Then imagine that the story is told with all the twists, turns, and commas of Victorian syntax with no little attention to bureaucratic details.
Could this be a lost Trollope manuscript? Some mix of The Warden and The Last Chronicle of Barset? It could be, but it isn't. It is actually a description of a real life scenario I stumbled across in the course of my job. You see, my job for 2012 is to research and write a book-length history of an insane asylum that dates back to 1855. After a few years working as an urban planner on a project to redevelop said insane asylum, and after working for a few more years dealing with the historic preservation issues related to that same project, I now get to write this history to help mitigate the adverse effect the redevelopment is having on the asylum which is a National Historic Landmark. (You may remember me posting some pretty cool historic photos of this asylum last spring.)
So the majority of my work day is spent in places like the National Archives and the Library of Congress. The archive work is particularly fascinating because I am working with primary documents that read like excerpts from a Trollope novel and are filled with lots of fantastic (mundane) Trollopian details.
How about this letter from 1857 offering the superintendent first refusal on a soon-to-be vacant (and better) pew at Christ Church for only $26 per annum?
Or how about the story suggested by this invoice for the superitendent's wife's funeral? Twenty carriages at $5 a piece, 21 pair of raw silk gloves, $20 for freezing the body. The superitendent was well paid at $2,500 per year, but this $304 funeral was more than 10% of his annual income.
And I must say, reading plenty of Trollope over the years has prepared me well for sifting through thousands of letter from the second half of the the 19th century. What it didn't prepare me for, however, was deciphering the sometimes cryptic handwriting which can make for really slow going. I can't wait until the typewriter is invented and the hospital buys one. Maybe my eyes will uncross when I get to those years.
One of the more fascinating, and Trollopian letters I have come across relates to the plot I described earlier. So again imagine this plot where the superintendent is fending off attacks on his professional integrity when he gets a letter from one of his former clerks George Kellogg, who is now farming in Jamaica, Vermont. In that letter Kellogg tells the superintendent of a visit from a man he judged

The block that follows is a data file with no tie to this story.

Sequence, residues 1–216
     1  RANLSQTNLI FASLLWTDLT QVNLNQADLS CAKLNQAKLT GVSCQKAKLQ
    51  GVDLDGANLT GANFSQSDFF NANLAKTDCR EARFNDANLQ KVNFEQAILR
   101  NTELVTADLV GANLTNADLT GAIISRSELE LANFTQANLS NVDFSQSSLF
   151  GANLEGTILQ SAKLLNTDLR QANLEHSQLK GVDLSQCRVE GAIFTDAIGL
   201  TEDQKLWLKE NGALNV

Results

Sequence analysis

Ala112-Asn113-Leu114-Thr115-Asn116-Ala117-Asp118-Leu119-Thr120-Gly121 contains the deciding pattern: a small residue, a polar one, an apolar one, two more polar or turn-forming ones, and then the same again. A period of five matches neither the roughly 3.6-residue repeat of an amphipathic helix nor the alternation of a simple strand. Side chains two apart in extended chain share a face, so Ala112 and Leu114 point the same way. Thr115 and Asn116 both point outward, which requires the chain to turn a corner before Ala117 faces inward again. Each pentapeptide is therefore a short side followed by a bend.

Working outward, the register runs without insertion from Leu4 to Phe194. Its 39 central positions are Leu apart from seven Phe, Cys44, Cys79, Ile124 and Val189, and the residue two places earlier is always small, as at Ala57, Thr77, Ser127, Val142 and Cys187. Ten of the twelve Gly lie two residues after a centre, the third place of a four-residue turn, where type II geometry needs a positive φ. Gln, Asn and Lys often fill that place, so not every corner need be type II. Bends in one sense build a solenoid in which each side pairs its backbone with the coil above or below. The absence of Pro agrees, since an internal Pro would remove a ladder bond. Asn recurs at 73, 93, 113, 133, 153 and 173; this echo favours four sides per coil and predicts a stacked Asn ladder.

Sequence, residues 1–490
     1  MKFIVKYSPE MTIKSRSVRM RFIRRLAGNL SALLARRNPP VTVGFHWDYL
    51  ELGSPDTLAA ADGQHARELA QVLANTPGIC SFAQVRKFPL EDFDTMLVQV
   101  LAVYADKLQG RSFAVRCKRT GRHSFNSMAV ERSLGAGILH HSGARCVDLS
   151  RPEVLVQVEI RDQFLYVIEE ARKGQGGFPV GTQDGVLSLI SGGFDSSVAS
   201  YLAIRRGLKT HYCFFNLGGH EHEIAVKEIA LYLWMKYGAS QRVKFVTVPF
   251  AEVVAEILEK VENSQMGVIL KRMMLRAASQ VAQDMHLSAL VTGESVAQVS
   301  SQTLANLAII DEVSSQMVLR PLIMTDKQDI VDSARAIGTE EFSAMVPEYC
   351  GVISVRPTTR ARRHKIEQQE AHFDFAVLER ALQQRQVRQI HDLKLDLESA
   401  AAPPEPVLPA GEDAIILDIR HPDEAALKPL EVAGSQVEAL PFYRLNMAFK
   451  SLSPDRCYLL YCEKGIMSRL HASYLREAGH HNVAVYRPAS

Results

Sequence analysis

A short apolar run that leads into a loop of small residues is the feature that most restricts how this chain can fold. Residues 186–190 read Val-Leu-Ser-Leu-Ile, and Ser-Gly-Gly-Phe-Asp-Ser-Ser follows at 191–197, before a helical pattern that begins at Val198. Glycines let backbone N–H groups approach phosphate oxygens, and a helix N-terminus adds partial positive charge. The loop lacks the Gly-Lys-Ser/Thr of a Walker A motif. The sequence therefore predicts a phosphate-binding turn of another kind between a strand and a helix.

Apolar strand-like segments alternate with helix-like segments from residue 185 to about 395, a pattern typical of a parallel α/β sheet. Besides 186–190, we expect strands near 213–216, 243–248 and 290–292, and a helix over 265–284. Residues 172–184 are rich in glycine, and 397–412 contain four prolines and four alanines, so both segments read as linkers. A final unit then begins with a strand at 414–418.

...to be about thirty years of age, light hair, red side whiskers, quite a full face (judge caused by whiskey), he had a small bottle of whiskey with him and he offered me some the first thing. It being nearly gone he drank it himself.The farmer goes on at some length to describe how the visitor attempted to bribe him to go back to Washington to testify against the superintendent.
The bribe was like this: 1st, I was to have my old place with better pay &c, 2nd, If one or two thousand dollars would induce me to tell all I knew for, said he, you know enough of Dr. Nichols to send him to State's prison...Kellogg is taken aback by the charges and the man's bald attempt to bribe him.
I told him he was a stranger to me and that I knew nothing about him or his friend whom he was working for and that I should be very careful what I said or did. He then said that his friends name was General M. McGowan who was a surgeon in the army a was third or fourth cousin of General Grant [presumably the newly elected President Ulysses S. Grant] and was a very fine man, and a great friend of Secretary [of the Interior] Cox and a man who would surely be appointed in Dr. Nichols' place.What amazes me about this scenario is that in 1869 someone was so intent on procuring the position of superintendent of this asylum that they sent this inebriated boob 451 miles north to try and bribe a former employee--and one who was still on good, personal terms with the superintendent. In the end, like a good Trollope novel, the superintendent was cleared of all charges but with an admonishment or two to keep better account books going forward.
And this is just the tip of the iceberg. There are so many fascinating aspects to this project. Life in a Victorian-era insane asylum (Wilkie Collins anyone?) The role of the hospital during the Civil War. A pioneering institution in the understanding of brain pathology in the insane with over 2,500 brain specimens collected over the years. The place where Ezra Pound was kept for 15 years after being charged with treason after WWII. And the list goes on.
I don't think I have ever been so excited to go to work each day.